Recently, I came across something I have never seen before on the Cisco ASA and I decided to write an article on it. In the scenario, a Cisco ASA was configured for remote-access VPN connections. However, a new policy requires that the source IP addresses of hosts that can connect to the remote access VPN be filtered.

I will be using a simple network diagram to simulate this as shown below:

The configuration on the ASA is shown below. Notice that it includes a remote access tunnel-group called ‘VPN’.

interface GigabitEthernet0
 nameif outside
 security-level 0
 ip address
ip local pool MYPOOL mask
crypto ipsec ikev1 transform-set TRANS_SET esp-3des esp-md5-hmac
crypto dynamic-map DYN_MAP 1 set ikev1 transform-set TRANS_SET
crypto map MYMAP 1 ipsec-isakmp dynamic DYN_MAP
crypto map MYMAP interface outside
crypto ikev1 enable outside
crypto ikev1 policy 1
 authentication pre-share
 encryption 3des
 hash sha
 group 2
 lifetime 86400
group-policy GRP_POL internal
group-policy GRP_POL attributes
 address-pools value MYPOOL
username example password 9hx9DtELyXf6OAqH encrypted
tunnel-group VPN type remote-access
tunnel-group VPN general-attributes
 authorization-server-group LOCAL
 default-group-policy GRP_POL
tunnel-group VPN ipsec-attributes
 ikev1 pre-shared-key *****

I have a Cisco VPN client on my laptop which is configured to connect to the remote access VPN as shown below:

Notice that I can successfully connect to the VPN.

Let’s now implement the policy that requires that only certain hosts are allowed to connect to the VPN. Keep in mind that this is not VPN traffic filtering because we want restriction even before connection is made. The default thinking will be to apply an access list on the outside interface of the ASA. For example, let’s assume we want only hosts and to be able to connect to the VPN; we can implement something similar to the configuration below:

object-group network ALLOWED_VPN_HOSTS
 network-object host
 network-object host
access-list OUT_IN extended permit esp object-group ALLOWED_VPN_HOSTS host
access-list OUT_IN extended permit udp object-group ALLOWED_VPN_HOSTS host eq isakmp
access-list OUT_IN extended deny esp any host
access-list OUT_IN extended deny udp any host eq isakmp
access-group OUT_IN in interface outside

As you can see from above, I have created and applied an access list that permits ESP and ISAKMP traffic from and only and denies ESP and ISAKMP from other IP addresses.

Let’s see if this works. My laptop has an IP address of so it should be restricted.

I will disconnect from the previous VPN connection and attempt to reconnect.

The VPN connected successfully. I can check the VPN session on the ASA to see that the IP address is actually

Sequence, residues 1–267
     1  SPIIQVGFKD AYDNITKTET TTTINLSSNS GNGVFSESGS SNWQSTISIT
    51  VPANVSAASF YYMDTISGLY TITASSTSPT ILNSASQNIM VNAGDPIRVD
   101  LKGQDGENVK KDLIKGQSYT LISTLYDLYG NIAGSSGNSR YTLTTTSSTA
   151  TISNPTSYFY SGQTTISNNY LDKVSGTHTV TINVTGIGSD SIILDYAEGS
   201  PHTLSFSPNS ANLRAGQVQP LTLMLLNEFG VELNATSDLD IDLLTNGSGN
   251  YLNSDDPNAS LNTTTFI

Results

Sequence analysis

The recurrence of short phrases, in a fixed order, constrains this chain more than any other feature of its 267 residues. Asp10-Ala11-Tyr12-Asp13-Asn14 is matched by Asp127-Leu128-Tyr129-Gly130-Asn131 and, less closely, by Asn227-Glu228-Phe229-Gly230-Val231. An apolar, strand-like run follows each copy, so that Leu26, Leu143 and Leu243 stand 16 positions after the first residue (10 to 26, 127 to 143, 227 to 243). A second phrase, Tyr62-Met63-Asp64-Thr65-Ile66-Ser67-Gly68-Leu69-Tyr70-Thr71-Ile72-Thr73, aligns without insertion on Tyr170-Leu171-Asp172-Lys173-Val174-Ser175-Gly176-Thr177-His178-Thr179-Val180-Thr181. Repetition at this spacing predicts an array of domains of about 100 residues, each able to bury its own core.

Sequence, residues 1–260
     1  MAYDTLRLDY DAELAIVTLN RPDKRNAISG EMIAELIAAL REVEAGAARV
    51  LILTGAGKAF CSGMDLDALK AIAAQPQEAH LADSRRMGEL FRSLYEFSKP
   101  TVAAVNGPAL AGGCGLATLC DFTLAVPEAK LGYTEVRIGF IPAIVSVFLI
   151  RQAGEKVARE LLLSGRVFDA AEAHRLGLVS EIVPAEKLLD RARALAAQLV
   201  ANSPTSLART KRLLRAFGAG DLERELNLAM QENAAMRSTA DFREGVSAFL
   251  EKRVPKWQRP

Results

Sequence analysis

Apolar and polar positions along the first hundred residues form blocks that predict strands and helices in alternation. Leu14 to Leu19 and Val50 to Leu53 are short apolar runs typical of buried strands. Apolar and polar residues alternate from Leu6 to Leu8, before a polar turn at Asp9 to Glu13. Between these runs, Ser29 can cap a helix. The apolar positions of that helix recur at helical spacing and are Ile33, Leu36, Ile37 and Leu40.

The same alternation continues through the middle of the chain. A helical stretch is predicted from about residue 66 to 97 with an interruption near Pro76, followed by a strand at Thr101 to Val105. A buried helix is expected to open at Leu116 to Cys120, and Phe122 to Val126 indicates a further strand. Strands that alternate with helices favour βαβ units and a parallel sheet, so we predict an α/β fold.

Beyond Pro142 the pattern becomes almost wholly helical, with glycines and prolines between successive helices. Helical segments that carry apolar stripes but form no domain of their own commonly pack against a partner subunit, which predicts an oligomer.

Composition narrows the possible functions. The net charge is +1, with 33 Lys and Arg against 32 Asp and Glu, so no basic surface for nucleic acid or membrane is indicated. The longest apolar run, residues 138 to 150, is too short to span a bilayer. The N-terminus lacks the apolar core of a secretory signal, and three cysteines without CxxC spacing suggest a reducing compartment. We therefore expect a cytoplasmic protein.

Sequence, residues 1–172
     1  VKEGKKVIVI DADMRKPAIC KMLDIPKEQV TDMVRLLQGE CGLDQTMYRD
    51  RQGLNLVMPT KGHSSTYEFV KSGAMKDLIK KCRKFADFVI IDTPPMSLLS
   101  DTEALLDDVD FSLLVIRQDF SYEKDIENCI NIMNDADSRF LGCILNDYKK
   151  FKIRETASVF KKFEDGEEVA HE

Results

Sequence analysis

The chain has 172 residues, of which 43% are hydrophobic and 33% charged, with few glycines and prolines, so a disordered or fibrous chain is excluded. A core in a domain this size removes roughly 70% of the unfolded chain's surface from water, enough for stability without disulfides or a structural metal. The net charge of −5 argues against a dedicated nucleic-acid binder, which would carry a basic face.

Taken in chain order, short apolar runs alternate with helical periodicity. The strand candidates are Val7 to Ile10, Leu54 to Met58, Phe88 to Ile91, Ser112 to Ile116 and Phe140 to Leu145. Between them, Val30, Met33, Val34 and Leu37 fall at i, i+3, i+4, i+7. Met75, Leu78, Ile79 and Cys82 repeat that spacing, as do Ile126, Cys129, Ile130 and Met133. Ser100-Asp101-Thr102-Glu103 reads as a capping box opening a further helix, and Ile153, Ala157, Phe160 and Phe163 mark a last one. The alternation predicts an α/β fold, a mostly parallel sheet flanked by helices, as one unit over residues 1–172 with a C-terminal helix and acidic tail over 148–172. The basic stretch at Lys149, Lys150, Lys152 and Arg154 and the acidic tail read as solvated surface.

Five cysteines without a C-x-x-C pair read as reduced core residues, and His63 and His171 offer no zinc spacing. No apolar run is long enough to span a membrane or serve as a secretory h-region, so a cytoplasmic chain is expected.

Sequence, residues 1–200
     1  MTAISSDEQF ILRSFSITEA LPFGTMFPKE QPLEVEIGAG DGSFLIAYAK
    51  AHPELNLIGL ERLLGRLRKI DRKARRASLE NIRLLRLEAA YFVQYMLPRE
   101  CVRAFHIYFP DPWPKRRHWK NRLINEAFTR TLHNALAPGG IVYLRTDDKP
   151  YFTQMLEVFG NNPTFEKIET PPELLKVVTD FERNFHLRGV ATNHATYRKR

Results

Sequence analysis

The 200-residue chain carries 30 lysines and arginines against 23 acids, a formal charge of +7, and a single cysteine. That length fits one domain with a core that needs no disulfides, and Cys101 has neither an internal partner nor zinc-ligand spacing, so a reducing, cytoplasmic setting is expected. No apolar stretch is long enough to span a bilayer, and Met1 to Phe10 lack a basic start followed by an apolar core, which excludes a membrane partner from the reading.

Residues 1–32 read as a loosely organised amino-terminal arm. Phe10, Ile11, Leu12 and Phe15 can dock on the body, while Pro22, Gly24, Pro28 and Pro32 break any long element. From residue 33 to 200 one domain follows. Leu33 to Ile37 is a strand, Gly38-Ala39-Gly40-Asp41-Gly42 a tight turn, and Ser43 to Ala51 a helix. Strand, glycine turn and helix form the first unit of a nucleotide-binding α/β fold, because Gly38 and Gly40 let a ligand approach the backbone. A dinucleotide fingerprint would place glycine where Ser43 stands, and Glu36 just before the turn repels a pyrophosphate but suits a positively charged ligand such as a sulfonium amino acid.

Now that we have seen that our access list doesn’t work, let me explain what is happening. The access list applied on the ASA by default using the access-group command only filters traffic passing THROUGH the ASA; it does not filter traffic TO the ASA. In short, we can say that the default access list applies to the data plane not the control plane. Luckily for us, there is an option that allows us to specify that an applied access list should be used for traffic destined to the ASA itself and that is the “control-plane” keyword in the access-group command.

Now, let’s disconnect and try to connect to the VPN again.

If we were to take a look at the access list counters, we will notice the hit count of the denied packet.

Cool, so we have seen how to filter traffic destined to the ASA itself using the control-plane keyword. However, a question may be looming on your mind: What if we already had an access-list configured on that interface, would we have to change it to a to-the-box access list? That’s another awesome thing about this feature: You can have this to-the-box access list and a normal access list applied and functioning on the same interface at the same time. For example, let’s create another access list to permit SSH traffic from through the ASA.

As you can see, both access lists are applied on the same outside interface. I will add a router connected to the ASA’s Gi1 interface with an IP address of and enable SSH on that router so we can test.

Note: To get this test to work, the new router must know how to reach the host. Also, you need to add a route on your host for

The above proves that both access lists are functioning simultaneously. We can take a look at the counters of the PERMIT_SSH access list to see that the SSH traffic was matched.

To conclude this article, please note that access control rules for management traffic to the ASA (e.g. HTTP, SSH and telnet) are not affected by the to-the-box access list we configured using the control-plane keyword. These other commands have higher preference.

Let me show you what I mean. Suppose I add an entry to the OUT_IN access list that denies SSH traffic to the ASA from At the same time, if I use the ssh command to allow SSH from that host, the host will be allowed to SSH to the ASA because the ssh command has a higher precedence than the control plane access list as shown below:

access-list OUT_IN extended deny tcp host host eq ssh
crypto key generate rsa modulus 1024
ssh outside
aaa authentication ssh console LOCAL

As you can see, the SSH connection was permitted and you will notice that the deny statement in the OUT_IN access list did not have any effect.


It’s always best to test out solutions because you may be surprised when it does not work the way you thought it would. In this article, we have seen how to use access lists to filter traffic that are destined to the ASA itself. We have also seen that those control plane access lists have a lower precedence than access control rules for management traffic such as HTTPS and SSH.

I hope you have found this article helpful. Keep discovering.

Further reading